Harnessing the biodiversity value of Central and Eastern European farmland

Publikation: Beiträge in ZeitschriftenZeitschriftenaufsätzeForschungbegutachtet


  • Laura M E Sutcliffe
  • Péter Batáry
  • Urs Kormann
  • András Báldi
  • Lynn V. Dicks
  • Irina Herzon
  • David Kleijn
  • Piotr Tryjanowski
  • Iva Apostolova
  • Raphaël Arlettaz
  • Ainars Aunins
  • Stéphanie Aviron
  • Ligita Baležentiene
  • Christina Fischer
  • Lubos Halada
  • Aveliina Helm
  • Iordan Hristov
  • Sven D. Jelaska
  • Mitja Kaligarič
  • Johannes Kamp
  • Sebastian Klimek
  • Pille Koorberg
  • Jarmila Kostiuková
  • Anikó Kovács-Hostyánszki
  • Tobias Kuemmerle
  • Christoph Leuschner
  • Regina Lindborg
  • Simona Maccherini
  • Riho Marja
  • Orsolya Máthé
  • Inge Paulini
  • Vânia Proença
  • José Rey-Benayas
  • F. Xavier Sans
  • Charlotte Seifert
  • Jarosław Stalenga
  • Johannes Timaeus
  • Péter Török
  • Chris van Swaay
  • Eneli Viik
  • Teja Tscharntke

A large proportion of European biodiversity today depends on habitat provided by low-intensity farming practices, yet this resource is declining as European agriculture intensifies. Within the European Union, particularly the central and eastern new member states have retained relatively large areas of species-rich farmland, but despite increased investment in nature conservation here in recent years, farmland biodiversity trends appear to be worsening. Although the high biodiversity value of Central and Eastern European farmland has long been reported, the amount of research in the international literature focused on farmland biodiversity in this region remains comparatively tiny, and measures within the EU Common Agricultural Policy are relatively poorly adapted to support it. In this opinion study, we argue that, 10 years after the accession of the first eastern EU new member states, the continued under-representation of the low-intensity farmland in Central and Eastern Europe in the international literature and EU policy is impeding the development of sound, evidence-based conservation interventions. The biodiversity benefits for Europe of existing low-intensity farmland, particularly in the central and eastern states, should be harnessed before they are lost. Instead of waiting for species-rich farmland to further decline, targeted research and monitoring to create locally appropriate conservation strategies for these habitats is needed now.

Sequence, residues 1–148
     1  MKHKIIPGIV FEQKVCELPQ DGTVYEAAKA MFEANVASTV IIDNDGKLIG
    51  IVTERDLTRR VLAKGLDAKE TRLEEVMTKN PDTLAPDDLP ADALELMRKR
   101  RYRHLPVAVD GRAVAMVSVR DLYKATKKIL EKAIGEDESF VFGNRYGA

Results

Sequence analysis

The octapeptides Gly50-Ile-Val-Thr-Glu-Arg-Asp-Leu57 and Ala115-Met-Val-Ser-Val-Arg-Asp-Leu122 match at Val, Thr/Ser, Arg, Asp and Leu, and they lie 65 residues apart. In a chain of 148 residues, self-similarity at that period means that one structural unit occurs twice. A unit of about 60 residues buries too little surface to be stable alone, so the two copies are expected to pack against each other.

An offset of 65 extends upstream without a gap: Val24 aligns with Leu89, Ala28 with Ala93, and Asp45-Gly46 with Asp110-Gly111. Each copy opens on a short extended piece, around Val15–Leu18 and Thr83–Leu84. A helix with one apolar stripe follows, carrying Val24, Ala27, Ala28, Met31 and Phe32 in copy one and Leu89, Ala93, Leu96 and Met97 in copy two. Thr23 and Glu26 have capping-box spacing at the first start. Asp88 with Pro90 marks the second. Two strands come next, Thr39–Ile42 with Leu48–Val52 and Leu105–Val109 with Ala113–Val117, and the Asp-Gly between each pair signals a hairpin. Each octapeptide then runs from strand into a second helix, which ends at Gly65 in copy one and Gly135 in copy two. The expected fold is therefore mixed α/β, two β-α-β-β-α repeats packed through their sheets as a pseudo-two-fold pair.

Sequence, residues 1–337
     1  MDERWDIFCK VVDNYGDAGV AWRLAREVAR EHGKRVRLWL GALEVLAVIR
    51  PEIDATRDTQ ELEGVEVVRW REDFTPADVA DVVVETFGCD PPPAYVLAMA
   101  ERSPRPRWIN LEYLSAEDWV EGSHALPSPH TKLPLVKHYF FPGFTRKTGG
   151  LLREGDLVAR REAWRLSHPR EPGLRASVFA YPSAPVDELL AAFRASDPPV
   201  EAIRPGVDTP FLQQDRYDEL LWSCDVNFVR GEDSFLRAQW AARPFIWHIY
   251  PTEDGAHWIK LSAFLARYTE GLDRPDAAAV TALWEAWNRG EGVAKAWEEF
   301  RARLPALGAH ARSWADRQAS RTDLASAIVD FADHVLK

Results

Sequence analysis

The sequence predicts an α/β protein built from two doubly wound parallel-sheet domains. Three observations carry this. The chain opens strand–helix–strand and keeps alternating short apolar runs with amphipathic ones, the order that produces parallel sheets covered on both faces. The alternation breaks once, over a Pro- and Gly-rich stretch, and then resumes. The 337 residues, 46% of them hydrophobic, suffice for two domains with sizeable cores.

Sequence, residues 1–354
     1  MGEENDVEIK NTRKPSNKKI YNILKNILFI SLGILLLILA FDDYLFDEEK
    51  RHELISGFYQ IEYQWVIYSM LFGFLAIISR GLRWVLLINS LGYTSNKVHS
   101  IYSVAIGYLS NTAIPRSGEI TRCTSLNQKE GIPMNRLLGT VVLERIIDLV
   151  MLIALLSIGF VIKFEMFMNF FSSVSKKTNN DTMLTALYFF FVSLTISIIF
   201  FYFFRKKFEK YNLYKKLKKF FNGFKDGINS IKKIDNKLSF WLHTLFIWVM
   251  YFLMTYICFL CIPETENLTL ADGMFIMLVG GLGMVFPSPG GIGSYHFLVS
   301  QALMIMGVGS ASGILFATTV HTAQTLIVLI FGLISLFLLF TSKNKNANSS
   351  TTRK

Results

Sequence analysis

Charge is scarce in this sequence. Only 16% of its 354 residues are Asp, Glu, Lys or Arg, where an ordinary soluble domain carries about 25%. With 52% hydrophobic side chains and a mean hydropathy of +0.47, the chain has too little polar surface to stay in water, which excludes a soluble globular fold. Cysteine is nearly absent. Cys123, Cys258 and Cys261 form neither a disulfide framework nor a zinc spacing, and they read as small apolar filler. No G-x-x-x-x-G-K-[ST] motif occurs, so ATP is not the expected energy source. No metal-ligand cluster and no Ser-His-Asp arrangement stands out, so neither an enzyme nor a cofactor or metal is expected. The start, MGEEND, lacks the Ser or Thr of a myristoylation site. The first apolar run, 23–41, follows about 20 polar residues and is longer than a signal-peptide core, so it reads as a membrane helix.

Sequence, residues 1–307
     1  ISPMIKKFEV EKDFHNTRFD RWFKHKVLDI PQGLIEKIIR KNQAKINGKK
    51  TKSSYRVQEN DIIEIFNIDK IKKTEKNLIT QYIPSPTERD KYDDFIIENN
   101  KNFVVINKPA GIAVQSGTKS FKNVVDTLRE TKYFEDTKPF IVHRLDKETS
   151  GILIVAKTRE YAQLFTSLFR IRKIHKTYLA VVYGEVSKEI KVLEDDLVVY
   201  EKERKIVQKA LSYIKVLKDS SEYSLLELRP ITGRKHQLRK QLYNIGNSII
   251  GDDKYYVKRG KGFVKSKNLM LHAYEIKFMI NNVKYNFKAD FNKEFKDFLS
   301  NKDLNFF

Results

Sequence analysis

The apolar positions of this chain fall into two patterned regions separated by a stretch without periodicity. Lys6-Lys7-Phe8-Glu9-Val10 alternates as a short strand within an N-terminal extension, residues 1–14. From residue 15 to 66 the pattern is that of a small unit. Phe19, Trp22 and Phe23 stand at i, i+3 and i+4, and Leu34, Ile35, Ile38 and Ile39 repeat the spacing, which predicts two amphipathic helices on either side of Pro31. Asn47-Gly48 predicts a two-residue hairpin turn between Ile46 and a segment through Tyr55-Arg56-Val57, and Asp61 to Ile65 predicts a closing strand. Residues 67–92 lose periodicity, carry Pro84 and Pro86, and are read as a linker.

ZeitschriftDiversity and Distributions
Seiten (von - bis)722-730
Anzahl der Seiten9
PublikationsstatusErschienen - 01.06.2015

Bibliographische Notiz

Natural Environment Research Council, Funding number: NE/K015419/1